Wed, 27 July 2022 at 12:50 pm
That dream is now just one win from becoming a reality and, on the evidence of last night, England should not fear facing either Germany or France in Sunday’s final at Wembley.
This was an emphatic win, delivered by the Lionesses when the pressure was at its highest, as they banished three straight semi-final defeats at major tournaments.
A world-class finish from Beth Mead set England on their way, before a header from Lucy Bronze, Alessia Russo’s incredible back-heel and a long-range lob from Fran Kirby sealed a spot at a sold-out Wembley in style.
Russo’s goal summed up this England team, who with every game they play under Sarina Wiegman are becoming more and more like their Dutch head coach: calm, calculated and ruthless.
In Pictures | Women’s Euro 2022 (Semi-Final): England vs Sweden – Lionesses celebrate victory
After missing a cut-back, Russo could easily have panicked, but she kept her cool with a back-heel that went through the legs of embarrassed Sweden goalkeeper Hedvig Lindahl.
“Is this real? Someone pinch me,” said Alex Scott, working as a pundit for the BBC, during the celebrations in front of 28,624 at Bramall Lane. “It’s hard not to get emotional.”
Scott was in the last England squad to reach a major final, at Euro 2009. On that occasion they lost against Germany, but this Lionesses side look ready to go all the way, after what is probably the biggest night in the history of the England women’s team.
The pressure on England to deliver on home soil has been huge. That perhaps explains their shaky start against Sweden, who dominated early on. But England never looked back after Mead’s opener after 34 minutes.
Wiegman has trained this side to be ruthless and what followed after the first goal was a perfect execution of that. England teams of old may have opted to try to hold onto a 1-0 lead, but not this one. Instead, they went for the kill.
Throughout this tournament there have always been nagging questions about England, despite their steady progress under Wiegman.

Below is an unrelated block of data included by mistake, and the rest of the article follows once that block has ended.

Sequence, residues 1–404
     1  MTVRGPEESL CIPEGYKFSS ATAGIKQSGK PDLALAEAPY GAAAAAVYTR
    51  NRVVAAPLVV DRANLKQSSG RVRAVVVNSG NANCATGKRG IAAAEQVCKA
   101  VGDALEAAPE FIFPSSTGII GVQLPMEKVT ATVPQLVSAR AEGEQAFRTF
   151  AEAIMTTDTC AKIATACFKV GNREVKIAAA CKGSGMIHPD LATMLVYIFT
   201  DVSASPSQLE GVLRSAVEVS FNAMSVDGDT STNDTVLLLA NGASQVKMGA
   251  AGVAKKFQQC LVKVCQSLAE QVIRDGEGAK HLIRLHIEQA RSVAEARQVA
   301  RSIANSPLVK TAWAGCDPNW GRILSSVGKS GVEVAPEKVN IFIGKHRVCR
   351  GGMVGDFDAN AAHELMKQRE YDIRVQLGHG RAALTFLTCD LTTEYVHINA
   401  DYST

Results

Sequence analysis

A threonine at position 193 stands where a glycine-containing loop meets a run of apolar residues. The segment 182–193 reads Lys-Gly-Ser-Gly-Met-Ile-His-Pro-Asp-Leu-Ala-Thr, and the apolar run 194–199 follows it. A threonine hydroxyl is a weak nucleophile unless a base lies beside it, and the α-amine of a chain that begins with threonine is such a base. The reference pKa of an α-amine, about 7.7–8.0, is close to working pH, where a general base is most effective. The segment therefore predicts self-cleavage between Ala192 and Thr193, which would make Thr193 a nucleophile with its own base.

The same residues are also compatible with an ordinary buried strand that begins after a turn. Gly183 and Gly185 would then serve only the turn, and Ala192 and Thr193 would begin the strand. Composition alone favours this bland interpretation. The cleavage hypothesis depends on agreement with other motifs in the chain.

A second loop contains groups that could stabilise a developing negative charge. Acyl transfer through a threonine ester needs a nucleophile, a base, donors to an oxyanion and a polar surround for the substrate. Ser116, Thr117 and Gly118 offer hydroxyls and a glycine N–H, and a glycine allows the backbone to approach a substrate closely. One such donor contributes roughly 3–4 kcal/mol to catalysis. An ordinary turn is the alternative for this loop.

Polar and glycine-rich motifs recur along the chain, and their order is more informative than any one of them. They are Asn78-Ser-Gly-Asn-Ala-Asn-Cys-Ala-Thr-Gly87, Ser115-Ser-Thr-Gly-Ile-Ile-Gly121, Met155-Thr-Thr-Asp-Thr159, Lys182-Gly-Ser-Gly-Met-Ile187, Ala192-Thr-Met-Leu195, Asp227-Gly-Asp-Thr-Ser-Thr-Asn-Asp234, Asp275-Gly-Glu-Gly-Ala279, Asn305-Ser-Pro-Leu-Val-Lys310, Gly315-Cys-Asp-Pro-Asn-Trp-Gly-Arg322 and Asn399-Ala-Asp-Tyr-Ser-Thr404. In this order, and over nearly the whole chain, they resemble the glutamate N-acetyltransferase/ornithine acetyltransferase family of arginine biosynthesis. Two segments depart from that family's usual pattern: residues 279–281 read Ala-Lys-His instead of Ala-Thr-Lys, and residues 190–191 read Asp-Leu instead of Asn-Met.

After cruising through the group stage with three wins and 14 unanswered goals, it was argued they had not been truly tested. Against Spain, in the quarters, they were outplayed for long periods and needed a late equaliser before eventually winning in extra-time.
Following this win over Sweden, the second highest-ranked team in the world behind only the United States, the questions should stop.
This England side are as good as the hype around them and on Sunday they will have the chance to prove it in front of 90,000 fans at Wembley.
“We said we’re ready to write history,” said Wiegman. “We said before the tournament and throughout that we want to inspire the nation. That’s what we’re doing and making a difference.”
Wembley will have felt a long way away early on in this semi-final, though, as England had to ride their luck in the opening 30 minutes.
The Swedes could have scored within 30 seconds, but Mary Earps was alert to deny Stina Blackstenius and then the woodwork came to England’s aid shortly after.
Sweden made all the early running, but their failure to build on their dominance proved defining. Wiegman will not have been comfortable with England conceding so many chances, but their rope-a-dope tactic left Sweden emotionally and physically exhausted after creating so much but gaining nothing.
The Lionesses, in contrast, were ruthless. When Mead scored, it was the first time the team really clicked in attack, and the way she controlled Bronze’s first-time cross, before spinning and finding the bottom corner, underlines why she should win the Golden Boot.
Her six goals so far mean she is two clear of Russo and Germany star Alexandra Popp, who could add to her account in the second semi-final, in Milton Keynes this evening.
From the moment England went ahead, the momentum never looked like shifting back to Sweden.
Under Wiegman, the Lionesses have developed a trend of not letting their foot off the gas when in the groove
Under Wiegman, the Lionesses have developed a trend of not letting their foot off the gas when in the groove. It was the case against Norway when they ran out 8-0 winners and it was a similar story last night.
Captain Leah Williamson describes it as feeling like everything you touch turns to gold and that was certainly the case with Russo’s goal.
During Wiegman’s 19 games in charge, England have won 17, drawn two and scored 104 goals. They have been transformed from perennial semi-finalists to finalists and, on Sunday, they can complete the journey to becoming winners. The stage is set and England look ready to deliver.